Just as physics is developing and exploring realms of the cosmos greater than our conventional understanding can take us, the developments of quantum mechanics and—particularly—computing, are occurring faster than our conventional models of politics and human organization can understand.  As a result, the new world of automation and machine intelligence—even if it's not the world of AI we fear; but simply the world of big data analytics—will begin to find solutions and calculations faster and more efficiently than the human mind.  What happens, then, to our traditional economic models?  What is the "value" of a human worker? 

Will we all have to develop skills in collecting information and feeding it to these machines?  Will we all become big data analysts?  Once we solve the issues of harnessing power and feeding and curing the world of most health issues—to what will we dedicate our time and efforts?  What will we use the machines to do?  It is an existential question about the role of humanity in the world.  Once we master the world, what do we do? 

Will our time be filled with ever-greater explorations of cosmology?  Will it be filled with artistic expression—however abstract or rudimentary?  Will it be filled with politics and politicking, with the competitive drive to climb the social ladder?  Perhaps more important than this question is the one that comes before it: how do we transition from a state of needing human labor to a state of NOT needing human labor, or needing it on a far smaller scale? 

We can invent industries around those things—entertainment, social networks, new scientific disciplines—as we have invented them in the past to fill the place of earlier manual labor.  We have done well in this effort before—but today, the speed of change is perhaps greater than our abilities to invent new industries and to "put people to work"—which is necessary in our current economic model.  This will create an increasing number of crises in the decades and centuries ahead.  The solution will be one of three options: 

  1. Slowing the speed of technological development 
  2. Finding a way to invent new industries with jobs for people FASTER than we are now
  3. Creating a new economic model more in line with a society of wealth generated by machines, rather than people 

The economic model may be more akin to one of egalitarianism (like the universal basic income), although not necessarily; feudal hierarchies may arise.  No particular model is guaranteed to succeed because we are entering a new technological age.

In any event, we will need to confront this issue sometime or another.  Hopefully economists are already at work.  Yes, shouldn't every economics student be required to create their own economic model as a graduate project?  Shouldn't every policy student be challenged to create a policy confronting these issues?  It's one of the most important questions humanity will ever face; and it's time to start thinking about answers.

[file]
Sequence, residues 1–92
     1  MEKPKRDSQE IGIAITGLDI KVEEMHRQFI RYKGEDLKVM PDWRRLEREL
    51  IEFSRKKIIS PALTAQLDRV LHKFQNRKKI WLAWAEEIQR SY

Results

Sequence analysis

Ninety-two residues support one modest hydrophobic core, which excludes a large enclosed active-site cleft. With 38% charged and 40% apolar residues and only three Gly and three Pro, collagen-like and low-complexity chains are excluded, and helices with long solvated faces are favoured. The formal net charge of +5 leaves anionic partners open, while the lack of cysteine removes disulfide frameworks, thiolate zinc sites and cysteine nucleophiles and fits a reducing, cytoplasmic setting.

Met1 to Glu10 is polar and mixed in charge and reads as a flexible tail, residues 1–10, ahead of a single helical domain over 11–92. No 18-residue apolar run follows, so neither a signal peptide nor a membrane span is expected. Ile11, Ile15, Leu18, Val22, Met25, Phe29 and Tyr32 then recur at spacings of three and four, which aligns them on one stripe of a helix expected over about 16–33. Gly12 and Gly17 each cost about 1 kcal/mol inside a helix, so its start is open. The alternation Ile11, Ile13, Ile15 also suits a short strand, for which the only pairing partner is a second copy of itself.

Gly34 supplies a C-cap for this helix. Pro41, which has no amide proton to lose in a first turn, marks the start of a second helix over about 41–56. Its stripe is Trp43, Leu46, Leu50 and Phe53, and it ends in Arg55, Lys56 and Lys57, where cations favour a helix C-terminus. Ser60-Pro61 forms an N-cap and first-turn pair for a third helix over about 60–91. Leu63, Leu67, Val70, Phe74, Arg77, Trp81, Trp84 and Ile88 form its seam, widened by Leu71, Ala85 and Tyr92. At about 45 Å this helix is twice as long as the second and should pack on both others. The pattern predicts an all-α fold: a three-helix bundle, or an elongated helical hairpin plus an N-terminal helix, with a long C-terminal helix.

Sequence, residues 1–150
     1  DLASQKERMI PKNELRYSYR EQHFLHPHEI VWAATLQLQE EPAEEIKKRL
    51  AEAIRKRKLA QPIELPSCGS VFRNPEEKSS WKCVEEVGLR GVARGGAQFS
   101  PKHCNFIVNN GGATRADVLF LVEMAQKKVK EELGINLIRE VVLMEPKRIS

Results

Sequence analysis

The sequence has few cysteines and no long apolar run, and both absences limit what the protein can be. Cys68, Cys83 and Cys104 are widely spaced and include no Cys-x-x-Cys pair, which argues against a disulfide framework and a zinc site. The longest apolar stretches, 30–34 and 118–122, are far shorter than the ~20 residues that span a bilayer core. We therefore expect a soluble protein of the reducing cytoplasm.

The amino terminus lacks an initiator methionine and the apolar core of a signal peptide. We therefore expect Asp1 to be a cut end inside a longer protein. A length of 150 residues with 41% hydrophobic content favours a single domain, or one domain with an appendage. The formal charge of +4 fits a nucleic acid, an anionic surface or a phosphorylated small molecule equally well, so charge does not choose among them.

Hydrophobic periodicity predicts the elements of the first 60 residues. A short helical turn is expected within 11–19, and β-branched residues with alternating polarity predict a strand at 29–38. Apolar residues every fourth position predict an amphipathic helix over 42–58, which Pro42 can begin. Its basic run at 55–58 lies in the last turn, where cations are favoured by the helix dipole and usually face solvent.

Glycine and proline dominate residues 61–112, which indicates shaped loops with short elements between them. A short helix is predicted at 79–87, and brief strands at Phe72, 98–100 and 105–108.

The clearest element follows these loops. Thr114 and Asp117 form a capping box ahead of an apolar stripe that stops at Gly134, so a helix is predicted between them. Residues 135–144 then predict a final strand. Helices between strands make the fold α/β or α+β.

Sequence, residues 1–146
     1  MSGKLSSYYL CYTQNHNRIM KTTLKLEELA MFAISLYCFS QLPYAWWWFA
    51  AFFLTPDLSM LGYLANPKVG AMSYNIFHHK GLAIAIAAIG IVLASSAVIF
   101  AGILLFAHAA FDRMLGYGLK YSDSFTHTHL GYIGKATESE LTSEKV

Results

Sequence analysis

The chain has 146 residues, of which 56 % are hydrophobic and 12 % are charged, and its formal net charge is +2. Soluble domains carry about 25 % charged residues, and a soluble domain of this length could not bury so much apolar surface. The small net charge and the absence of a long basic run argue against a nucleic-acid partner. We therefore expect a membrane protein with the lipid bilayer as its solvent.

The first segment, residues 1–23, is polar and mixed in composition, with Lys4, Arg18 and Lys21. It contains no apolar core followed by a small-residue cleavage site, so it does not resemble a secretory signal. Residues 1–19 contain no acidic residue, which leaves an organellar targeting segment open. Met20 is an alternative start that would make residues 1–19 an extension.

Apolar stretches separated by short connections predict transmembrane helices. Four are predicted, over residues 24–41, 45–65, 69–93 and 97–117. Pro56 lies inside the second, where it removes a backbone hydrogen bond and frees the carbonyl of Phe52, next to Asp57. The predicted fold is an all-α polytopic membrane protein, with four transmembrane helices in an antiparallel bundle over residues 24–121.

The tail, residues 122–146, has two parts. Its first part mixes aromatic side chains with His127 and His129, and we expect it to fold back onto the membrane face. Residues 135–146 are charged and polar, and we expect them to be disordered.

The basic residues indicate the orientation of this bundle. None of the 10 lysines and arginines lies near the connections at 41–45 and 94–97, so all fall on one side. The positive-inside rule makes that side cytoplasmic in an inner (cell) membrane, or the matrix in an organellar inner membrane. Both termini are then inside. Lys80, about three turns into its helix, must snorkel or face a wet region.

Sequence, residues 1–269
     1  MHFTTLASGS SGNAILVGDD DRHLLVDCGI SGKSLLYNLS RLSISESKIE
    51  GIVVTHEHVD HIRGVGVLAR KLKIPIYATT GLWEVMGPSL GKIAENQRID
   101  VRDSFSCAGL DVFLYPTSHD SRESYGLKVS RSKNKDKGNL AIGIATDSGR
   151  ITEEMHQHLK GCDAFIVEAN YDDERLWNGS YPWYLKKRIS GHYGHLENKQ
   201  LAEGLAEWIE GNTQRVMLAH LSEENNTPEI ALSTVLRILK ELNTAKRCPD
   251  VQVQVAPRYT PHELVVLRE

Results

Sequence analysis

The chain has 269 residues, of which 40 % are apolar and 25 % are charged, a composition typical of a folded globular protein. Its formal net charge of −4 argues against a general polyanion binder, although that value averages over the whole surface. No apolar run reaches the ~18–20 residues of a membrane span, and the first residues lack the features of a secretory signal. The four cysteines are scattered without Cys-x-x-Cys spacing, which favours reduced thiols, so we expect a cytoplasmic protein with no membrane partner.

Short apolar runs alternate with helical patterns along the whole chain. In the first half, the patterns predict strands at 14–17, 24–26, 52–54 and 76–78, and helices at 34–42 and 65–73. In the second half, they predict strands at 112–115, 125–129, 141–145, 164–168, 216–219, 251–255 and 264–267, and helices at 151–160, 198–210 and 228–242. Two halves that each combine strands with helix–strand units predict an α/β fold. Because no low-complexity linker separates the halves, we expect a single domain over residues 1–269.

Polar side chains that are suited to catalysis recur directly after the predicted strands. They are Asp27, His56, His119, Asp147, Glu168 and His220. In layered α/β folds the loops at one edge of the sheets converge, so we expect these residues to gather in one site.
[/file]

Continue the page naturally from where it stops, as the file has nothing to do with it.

The Envelope

"No matter how automated things get, there is always a craft involved. We get better at this stuff, and it becomes more and more automated; but that doesn’t make the job any easier — it just means that we are freed from that particular task, so we can spend more time on some other aspect. When computers first came around, I heard time and time again that they were going to make effects easier and faster. But they haven’t. Computers allow us to push the envelope further; but at each new level, the process takes just as long and is just as hard.”

— Dan Taylor

Grow

"'There was this eureka moment,' says Dweck. She now identifies the former group as people with a 'fixed mind-set,' while the latter group has a 'growth mind-set.' Whether you are more fixed or more of a grower helps determine how you react to anything that tests your intellectual abilities. For growth people, challenges are an opportunity to deepen their talents, but for 'fixed' people, they are just a dipstick that measures how high your ability level is. Finding out that you’re not as good as you thought is not an opportunity to improve; it’s a signal that you should maybe look into a less demanding career, like mopping floors."

— Megan McArdle

Seeds

So much of the time you don't need to pass a law to change the world; and you don't need to tear down the existing world to create a better one.  Just recognize the opportunities to innovate within the existing structure, and be perceptive enough to see the seeds of the future in the workings of the present.

Interfere

"And then I explained to him how naive we were, that the world did know and remain silent. And that is why I swore never to be silent whenever and wherever human beings endure suffering and humiliation. We must always take sides. Neutrality helps the oppressor, never the victim. Silence encourages the tormentor, never the tormented. Sometimes we must interfere. When human lives are endangered, when human dignity is in jeopardy, national borders and sensitivities become irrelevant. Wherever men or women are persecuted because of their race, religion, or political views, that place must—at that moment—become the center of the universe."

— Eli Wiesel